Re: Tek 475 intensity control inoperative
Hello Don,toggle quoted messageShow quoted text
I don't know the 475 CRT grid driving circuit in particular, (I know a few,
and they're all very similar).
Intensity control not functioning on the "on" side seems to be quite
recurrent and often related to the DC restorer circuitry.
First of all, get a copy of the 475 manual (my PDF copy I think I got from
the TekWiki website) and try to perform the adjustment of the CRT grid bias
that's described there in the calibration section. It's the 3rd part of
Don't worry, changing the CRT grid bias doesn't affect the calibration of
the oscilloscope so, if you don't mess with anything else, you won't loose
any of the oscilloscope's calibration.
From the defect that you described, chances are that you won't be able to
make the CRT dot to dim enough to "just" show (as the procedure asks for),
but it doesn't hurt to try.
The CRT grid bias trimpot can be just flaky and the problem may be just
At that "CRT Grid Bias" calibration, the result of the steps e, f, g and h
should give you a good measure if your Z-axis amplifier is in good shape or
If you can't get the TP1364 to read 15V (required for the CRT grid bias
cal, at step b), or get it to something between +20 ~ +30V at step f, or
something about +25 at step h, then your problem should be in the Z-axis
amplifier or the signals that feeds into it.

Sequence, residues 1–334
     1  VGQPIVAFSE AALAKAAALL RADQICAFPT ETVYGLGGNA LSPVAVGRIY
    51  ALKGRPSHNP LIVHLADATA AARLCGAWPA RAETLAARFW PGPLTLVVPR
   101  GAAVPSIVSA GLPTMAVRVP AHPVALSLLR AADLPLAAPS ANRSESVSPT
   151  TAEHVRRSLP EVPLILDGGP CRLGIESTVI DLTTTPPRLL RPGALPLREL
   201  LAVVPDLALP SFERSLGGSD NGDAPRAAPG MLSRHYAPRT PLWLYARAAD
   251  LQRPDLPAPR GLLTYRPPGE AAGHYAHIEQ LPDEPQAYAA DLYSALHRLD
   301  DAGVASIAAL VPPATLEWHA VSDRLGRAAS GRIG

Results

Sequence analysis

If, however, those voltages are sound, then your Z axis is probably OK and
you probably have a problem on the DC restorer circuitry.
The Z-axis amplifier is the circuit producing the voltage at TP1364.
The DC restorer, is the circuit just after that.
Unfortunately, to measure / diagnose the Hi-Voltage section of the DC
restorer circuitry (everything on the anode side of CR1377, or the cathode
side of CR1379) requires a hi voltage probe and usually doesn't help too
Diagnosing the DC restorer circuitry usually is about to check all the
voltages that are "inputs" to it.
That means checking:
1. The Z-axis amplifier output at TP1364 as seen above,
2. The grid bias adjustment voltage at cathode of CR1373, which should be
able to vary between 82 and 130V as you rotate the trimpot. Too low a
voltage may cause the problem and a look at the zener VR1374 is due.
3. The DC restorer AC feed voltage, which I guess is something around
300Vpp coming into R1326. The frequency at this point is the same frequency
as the Hi-Voltage inverter, around 50KHz and not all volt-meters will deal
well with it,
4. And of course, the CRT cathode voltage itself at the -2450V test point.
Measuring this will of course requires a Hi-Voltage probe, and won't reveal
much, since your scope does show a healthy trace and therefore, that
voltage must be probably sound.
This voltage of about 300Vac, I've seen in older posts that it's quite
sensitive to loading, so, even an oscilloscope with a 10x probe (at 50KHz)
already affects this measurement... so some guessing and calculations must
If all those "inputs" are OK, usually there's not much that can be done to
further troubleshoot the DC restorer besides taking each component out and
One by one or all at once, it depends on your desire to point down the
culprit or just get rid of the problem.
From my experience and from reading this forum, the usual suspects are the
diodes CR1371, 1373, 1377 and 1379. A leaky C1371 can also cause the
problem but those film capacitors are usually very reliable, and a drifted
(down) R1378 can drain the CRT grid flimsy voltage.
Hope this helps,
2017-11-17 6:07 GMT-02:00 mcc131266@... [TekScopes] <